In general, the evidential burden of proof falls on the party seeking to rely upon any particular fact. The applicant (in Northern Ireland called ‘the plaintiff’) must prove the facts which give rise to the claim and the defendant must prove those facts which he wishes to rely upon in defending the claim.
Facts may be exempted from the burden of proof by the law or by a pre-existing contract between the parties. Additionally, the court may consider certain facts proved by ‘taking judicial notice’, for example, matters of general knowledge. Some presumptions are taken as conclusively presumed, for example, if a statute provides this to be so and others may be rebutted, for example, the presumption that a person is sane.
The court must be convinced of a fact on the ‘balance of probabilities’ i.e. that it is at least 51% likely to be true as against 49% likely not to be true. Once a fact is proved on the balance of probabilities, it is taken to be established.
It is the general rule that a judge may not require the attendance of a witness, except in limited circumstances, but he can call a witness and recall a witness already called. By virtue of the rules which govern court procedure in Northern Ireland, the court has discretion to order any person to attend proceedings and produce a document.
If a party, usually through his lawyers, is permitted to call a particular witness to give evidence, his own lawyer will question the witness (this is called ‘evidence-in-chief’) and then the other party’s lawyer will cross-examine the witness. The Judge may ask questions of the witness and he will invite the lawyers, to follow up, if they wish, on anything that arises from what he has asked.
In certain cases, for example, where a witness is to attend a hearing in private, the court’s permission must be sought before the witness can be officially summoned to attend. Otherwise, the court has no control over which witnesses are called to give evidence although it may impose costs penalties on parties which call unnecessary witnesses.
The main method of proof is by oral testimony. Written testimony, such as reports from an expert, and documentary evidence, such as maps, may also be used.
The principle means is proof is by oral evidence of the parties and their witnesses. The evidence of expert witnesses, for example, doctors and engineers, may be taken from a written report by agreement. The witness may then be questioned on particular points. Court rules in Northern Ireland restrict the number of expert witnesses who may give oral evidence to two medical experts and one other expert unless leave is granted by the Court to call more.
Maps and documents may also be used as evidence and their authenticity must be proved to the court’s satisfaction. Additionally, the court may wish to go to a scene or look at an actual item if it feels that doing so has some probative value.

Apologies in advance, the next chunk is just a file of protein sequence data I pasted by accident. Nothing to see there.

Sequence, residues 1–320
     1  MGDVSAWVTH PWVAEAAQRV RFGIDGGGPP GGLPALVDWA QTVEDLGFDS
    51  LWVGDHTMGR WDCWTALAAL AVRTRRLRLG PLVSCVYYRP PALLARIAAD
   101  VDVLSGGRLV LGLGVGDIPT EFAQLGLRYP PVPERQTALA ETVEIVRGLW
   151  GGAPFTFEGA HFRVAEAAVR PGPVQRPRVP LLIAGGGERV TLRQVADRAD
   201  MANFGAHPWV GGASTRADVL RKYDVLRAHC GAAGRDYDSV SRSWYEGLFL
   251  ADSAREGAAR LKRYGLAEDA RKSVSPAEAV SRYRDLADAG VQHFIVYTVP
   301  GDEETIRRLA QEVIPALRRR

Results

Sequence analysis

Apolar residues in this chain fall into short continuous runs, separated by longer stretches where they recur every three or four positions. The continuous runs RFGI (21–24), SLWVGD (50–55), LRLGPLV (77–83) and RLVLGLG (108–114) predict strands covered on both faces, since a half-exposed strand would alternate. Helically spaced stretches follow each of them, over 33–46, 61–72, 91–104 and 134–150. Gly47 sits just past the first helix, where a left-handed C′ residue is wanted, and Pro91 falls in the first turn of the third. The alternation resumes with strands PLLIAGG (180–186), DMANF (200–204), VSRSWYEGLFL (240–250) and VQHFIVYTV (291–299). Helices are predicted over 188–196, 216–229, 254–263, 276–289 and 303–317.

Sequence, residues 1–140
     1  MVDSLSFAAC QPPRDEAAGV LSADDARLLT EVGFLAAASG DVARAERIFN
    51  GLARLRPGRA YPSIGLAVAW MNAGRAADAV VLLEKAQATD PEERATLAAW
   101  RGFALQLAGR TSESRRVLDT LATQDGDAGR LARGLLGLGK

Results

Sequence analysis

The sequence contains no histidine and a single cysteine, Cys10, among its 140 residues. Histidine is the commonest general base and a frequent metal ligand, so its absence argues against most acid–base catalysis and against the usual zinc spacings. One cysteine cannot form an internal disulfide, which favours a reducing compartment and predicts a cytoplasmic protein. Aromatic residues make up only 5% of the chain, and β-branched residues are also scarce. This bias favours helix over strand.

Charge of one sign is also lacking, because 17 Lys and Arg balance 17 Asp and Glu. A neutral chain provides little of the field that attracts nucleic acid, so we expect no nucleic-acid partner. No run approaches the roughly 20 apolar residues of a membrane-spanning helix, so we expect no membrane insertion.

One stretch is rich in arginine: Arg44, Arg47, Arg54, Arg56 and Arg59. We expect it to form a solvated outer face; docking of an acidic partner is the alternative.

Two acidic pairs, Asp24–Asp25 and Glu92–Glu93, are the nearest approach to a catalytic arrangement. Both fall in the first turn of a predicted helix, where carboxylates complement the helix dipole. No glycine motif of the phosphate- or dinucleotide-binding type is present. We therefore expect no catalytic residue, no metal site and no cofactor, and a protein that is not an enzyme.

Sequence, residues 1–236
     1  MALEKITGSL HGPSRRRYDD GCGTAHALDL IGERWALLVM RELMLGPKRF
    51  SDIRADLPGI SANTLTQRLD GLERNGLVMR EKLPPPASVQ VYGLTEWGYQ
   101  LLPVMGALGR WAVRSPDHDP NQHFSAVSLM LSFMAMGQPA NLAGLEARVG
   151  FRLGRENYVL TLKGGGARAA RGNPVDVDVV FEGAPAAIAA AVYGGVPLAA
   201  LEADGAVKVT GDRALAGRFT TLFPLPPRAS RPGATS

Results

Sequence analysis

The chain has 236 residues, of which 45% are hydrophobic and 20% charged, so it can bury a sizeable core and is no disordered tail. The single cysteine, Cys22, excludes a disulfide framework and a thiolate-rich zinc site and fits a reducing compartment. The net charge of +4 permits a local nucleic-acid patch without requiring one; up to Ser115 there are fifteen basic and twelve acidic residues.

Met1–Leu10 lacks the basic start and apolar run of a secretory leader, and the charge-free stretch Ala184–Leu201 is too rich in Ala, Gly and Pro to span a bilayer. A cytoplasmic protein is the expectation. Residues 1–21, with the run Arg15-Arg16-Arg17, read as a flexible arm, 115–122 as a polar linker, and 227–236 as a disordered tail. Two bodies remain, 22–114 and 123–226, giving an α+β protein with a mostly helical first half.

It is always a matter for the court to decide what weight to attach to any particular piece of evidence.
There is a presumption that facts will be proved orally and in open court.
A competent witness who has been summoned to give evidence is obliged to appear at the hearing and failure to do so is contempt of court.
A party may claim ‘privilege’ from having to give evidence on the grounds of the existence of a legal professional relationship; self- incrimination of him or his spouse; public interest and administration of justice. There are other forms of privilege which are guaranteed by statute e.g. diplomatic privilege. Also, there is discretionary privilege, for example, in relation to information given in confidence.
Yes. A witness would be guilty of contempt of court if he failed to appear having been duly served with a witness summons or ‘subpoena’. The Judge could then impose a fine or period of imprisonment and require the witness to purge the contempt by attending and giving evidence.
Capacity is the general criterion for giving evidence. A person is considered to be capable of given evidence unless he is incapable of understanding the duty imposed by the oath due to infancy or, for example, insanity; he is the judge in the case or he is able to claim privilege.
The role of the parties, usually represented by lawyers (although there is provision to represent oneself) is to present evidence to the court to prove their case on the balance of the probabilities. The Judge acts as umpire to ensure the questioning of witnesses is fair, lawful and relevant to the points at issue in the case. The Judge can question the witnesses himself but will allow the parties’ lawyers to pursue anything that arises from the witness in response to his questions.
Some limited use is now made, for example in the High Court in Belfast, to facilitate expert evidence via video link or Skype where the expert cannot readily come from another jurisdiction.
The court does not have a general discretion to exclude evidence that has been obtained unfairly. Evidence may only be excluded where there is statutory authority to do so or where it is struck from the record because it is scandalous or an abuse of process.
Yes, parties to a case may give evidence on their own behalf.
The national language version of this page is maintained by the respective EJN contact point. The translations have been done by the European Commission service. Possible changes introduced in the original by the competent national authority may not be yet reflected in the translations. Neither the EJN nor the European Commission accept responsibility or liability whatsoever with regard to any information or data contained or referred to in this document. Please refer to the legal notice to see copyright rules for the Member State responsible for this page.